Research Reports

The Full Cost of Transportation in the Twin Cities Region

Principal Investigator:

David Anderson, Gerard McCullough

August 2000

Report no. CTS 00-04

Projects: Full Transportation Costs and Cost Incidence

Topics: Economics, Planning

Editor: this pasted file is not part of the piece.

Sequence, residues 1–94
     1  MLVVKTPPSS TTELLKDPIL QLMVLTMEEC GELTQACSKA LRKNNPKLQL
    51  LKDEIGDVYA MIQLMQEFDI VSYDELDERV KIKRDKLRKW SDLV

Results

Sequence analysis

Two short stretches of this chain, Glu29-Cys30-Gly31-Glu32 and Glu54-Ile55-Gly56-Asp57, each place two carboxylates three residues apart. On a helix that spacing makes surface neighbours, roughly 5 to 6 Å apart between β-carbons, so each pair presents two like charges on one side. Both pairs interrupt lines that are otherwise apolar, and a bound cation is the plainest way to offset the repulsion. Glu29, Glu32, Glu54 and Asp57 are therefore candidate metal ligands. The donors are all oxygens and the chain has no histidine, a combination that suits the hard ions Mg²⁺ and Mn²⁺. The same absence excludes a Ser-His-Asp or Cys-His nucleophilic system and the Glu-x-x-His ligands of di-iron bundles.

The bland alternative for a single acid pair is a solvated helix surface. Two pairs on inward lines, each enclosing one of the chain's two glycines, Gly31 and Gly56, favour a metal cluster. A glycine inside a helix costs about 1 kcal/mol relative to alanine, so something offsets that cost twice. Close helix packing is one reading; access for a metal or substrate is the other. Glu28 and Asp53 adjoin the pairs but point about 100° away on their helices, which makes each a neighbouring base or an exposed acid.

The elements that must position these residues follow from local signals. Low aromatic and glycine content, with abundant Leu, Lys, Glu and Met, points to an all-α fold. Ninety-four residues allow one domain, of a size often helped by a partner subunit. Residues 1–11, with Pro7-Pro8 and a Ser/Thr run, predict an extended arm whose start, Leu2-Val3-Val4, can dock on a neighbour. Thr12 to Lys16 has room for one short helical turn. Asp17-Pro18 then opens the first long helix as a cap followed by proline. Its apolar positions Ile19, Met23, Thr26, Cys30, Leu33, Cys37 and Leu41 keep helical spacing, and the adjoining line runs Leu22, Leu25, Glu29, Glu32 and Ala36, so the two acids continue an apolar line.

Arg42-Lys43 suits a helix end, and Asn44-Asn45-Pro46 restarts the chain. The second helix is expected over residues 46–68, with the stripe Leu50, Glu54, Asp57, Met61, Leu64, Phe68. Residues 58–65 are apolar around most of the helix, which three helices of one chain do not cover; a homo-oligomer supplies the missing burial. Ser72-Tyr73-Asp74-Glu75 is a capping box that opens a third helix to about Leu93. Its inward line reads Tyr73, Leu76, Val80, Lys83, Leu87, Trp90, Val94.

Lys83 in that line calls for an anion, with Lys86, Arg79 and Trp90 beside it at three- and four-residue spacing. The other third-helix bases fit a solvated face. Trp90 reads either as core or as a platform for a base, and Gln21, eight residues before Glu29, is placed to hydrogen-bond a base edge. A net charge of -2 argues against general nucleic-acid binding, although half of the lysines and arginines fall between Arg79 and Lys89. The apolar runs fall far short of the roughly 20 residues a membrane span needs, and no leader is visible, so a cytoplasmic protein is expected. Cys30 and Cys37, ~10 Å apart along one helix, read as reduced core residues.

The goal of this work is to calculate the full costs of transportation for autos, trucks, and buses in the Twin Cities region for the years 1998 and 2020. Our midrange estimate is that the costs were $27 billion in 1998, and the costs will grow to $42 billion in 2020 ($9,000 and $11,200 in per capita terms, respectively). These estimates include monetary and nonmonetary costs to individuals, firms, and units of government. Costs are divided into three main categories: governmental costs, internal costs, and external costs. Our midrange estimates were that 84 percent of full costs were internal, 9 percent were governmental, and 7 percent were external. Road construction and maintenance accounted for approximately 70 percent of governmental costs. Most time costs were nonmonetary and internal. The costs of travel time accounted for 40 percent of all costs and the costs of owning and operating vehicles also accounted for 40 percent. Approximately 98 percent of external costs were due to congestion, crashes, air pollution, and petroleum consumption. We project that most types of costs will increase at approximately the same rate as regional economic output between 1998 and 2020.

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